Sorry, ‘Joker’ and Other Villain Stories, But I’m Mostly Interested in Heroes
Two days ago I wrote that “I’m curious about this upcoming live-action Joker, but I’m barely interested in all the villain stories they’re putting together at DC.”
The very next day (yesterday), Warner Bros. released the teaser for Joker.
It’s directed by Todd Phillips. And it stars Joaqin Phoenix as the titular Clown Prince of Crime, at least for this alternate origin story.
Friends and much of the internet went nuts. Wow! It looks almost like a Martin Scorsese movie. Double wow! This looks so intense!
I watched the teaser. And found myself a bit lost. Um, okay? I’m not exactly sure I want to see Joker, pre-makeup-and-purple-jacket, in that same dim-grungy apartment where they film all the dim-grungy indie movies and dim-grungy Netflix shows, dancing around in his loosey-whities.
Clearly I’m not the audience for this movie.
That’s because—and I’m sure I’m not alone—I enjoy superhero stories mainly for the heroes.
Sure, I prefer villains to be in-depth, passionate, devoted to their own beliefs, and often empathetic. But not for their own sake. Instead, for the sake of providing the hero a greater challenge to conquer.
Thanos? We all want to see him devoted to his religious anti-population cause, and defeated.
Lex Luthor? We want to see him absolutely sure of his self-made-made righteousness, and defeated.
Joker? Whether it’s the psycho-flippant clown prince of other adaptations, or Nolan’s origin-agnostic anarchist, I am only interested in him long enough to see him go down. Hard. At the dark-knit hands of Batman. Or Nightwing, or Robin, or heck, I’d take Alfred.
But what if Batman’s nowhere near the movie, and not even promised for a sequel?
Well, then, I find myself less interested in standalone stories about Batman’s villains than I would be reading an auto-parts manual for the Batmobile.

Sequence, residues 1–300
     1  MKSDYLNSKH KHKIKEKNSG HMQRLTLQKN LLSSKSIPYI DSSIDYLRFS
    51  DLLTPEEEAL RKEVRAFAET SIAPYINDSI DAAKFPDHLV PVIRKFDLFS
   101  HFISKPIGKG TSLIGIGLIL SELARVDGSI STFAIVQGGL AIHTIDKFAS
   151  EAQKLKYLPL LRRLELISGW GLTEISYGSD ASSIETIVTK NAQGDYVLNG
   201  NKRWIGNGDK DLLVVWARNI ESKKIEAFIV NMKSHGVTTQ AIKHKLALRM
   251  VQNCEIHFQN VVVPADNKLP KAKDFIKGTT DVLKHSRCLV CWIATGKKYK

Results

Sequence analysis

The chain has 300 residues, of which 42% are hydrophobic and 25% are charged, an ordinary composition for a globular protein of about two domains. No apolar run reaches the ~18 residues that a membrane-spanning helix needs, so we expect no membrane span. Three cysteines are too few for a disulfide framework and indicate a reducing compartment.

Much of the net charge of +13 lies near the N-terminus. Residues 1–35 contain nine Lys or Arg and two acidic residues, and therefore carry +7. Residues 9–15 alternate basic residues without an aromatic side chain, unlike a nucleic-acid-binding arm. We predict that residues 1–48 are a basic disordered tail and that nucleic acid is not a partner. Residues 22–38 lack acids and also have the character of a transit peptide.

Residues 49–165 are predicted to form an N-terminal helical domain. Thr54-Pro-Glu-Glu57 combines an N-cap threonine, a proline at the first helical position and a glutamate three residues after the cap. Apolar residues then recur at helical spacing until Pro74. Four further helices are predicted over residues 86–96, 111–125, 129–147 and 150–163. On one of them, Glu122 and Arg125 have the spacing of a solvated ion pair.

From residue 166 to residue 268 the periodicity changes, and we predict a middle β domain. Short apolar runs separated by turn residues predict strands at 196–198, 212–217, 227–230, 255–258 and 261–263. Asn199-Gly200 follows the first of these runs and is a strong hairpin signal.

This is also why I couldn’t work up any enthusiasm for Suicide Squad, and remain agnostic about its James Gunn-directed sequel.
It’s also why, despite enjoying the recent Lego DC Super-Villains game as a guilty pleasure, I just can’t enjoy it as much as superhero games.
And the folks at DC can try all they like to make me care about a Harley Quinn-featuring spinoff (set back in the main DC film continuity). At my best, I’ll keep finding myself indifferent. Or at worst, I’ll assume this is an exercise in something like exploitation, both of villain angst and the worst impulses of fans. As I mentioned in my Suicide Squad review:
It seemed to grind home the exploitation, along with excuses for viewers to imagine that they, too, are just as nihilistic, “broken,” and empty-glamorous as Harley Quinn and the Joker.
But you, gentle reader, are likely interested in Joker for other reasons. Perhaps you’re a Joaqin Phoenix fan, or a DC villain fan. And I certainly allow that we can’t only have stories about only slightly flawed heroes.1 In either case, I’d want to hear your reasons for being excited about DC’s Joker.
With that, I’m off tonight to see Shazam!—another hero I care about, and whose villains, such as Dr. Sivana or Black Adam, would interest me very little apart from Shazam.
- This is why I really enjoyed Batman v Superman: Dawn of Justice, although it clearly meant to grow Superman and redeem a broken Batman. ↩
[…] 2: You invite me to see Joker with you. Despite my my disinterest, I go along. But unlike you, I end up being dragged down by the movie’s apparent […]
My youngest son (who is 23 by the way) wanted to see it so I went with him. It’s an interesting story, briefly featuring Bruce Wayne as a boy, by the way. Of the sort of story intended to moralize about treating the downtrodden badly, warning doing so will lead to inevitable villains among us.
However, it at the same time normalizes evil in the vein of if-only-by-the-grace-of-God-go-I. Except it evokes “grace of God” without God, who often is on the lips and minds of the downtrodden but who is never mentioned seriously in the plot of Joker that I can recall. Who provides suffering people real comfort for the souls of them who seek him in the real world, but never in Joker and similar films.
SO it is not actually acceptable to “go psycho” if you’ve been treated bad and take it out on others. There is another way–faith in the Divine defender of the poor, who equalizes all things, if not in this life, then in the next.
So the movie casts the Joker as a villain but gives him ample excuses for the way he acted, not really making him seem horrifically bad until towards the end of the film. But the film also goes after those it holds responsible for villainy: the privileged, the wealthy, the selfish, and the casually cruel.
It is not wrong to point out the potential consequences of cruelty and societal selfishness, but it offers no solid hope. Only “act better”–which falls far short of that the Son of Man can do when it comes to binding up the wounds of the downtrodden.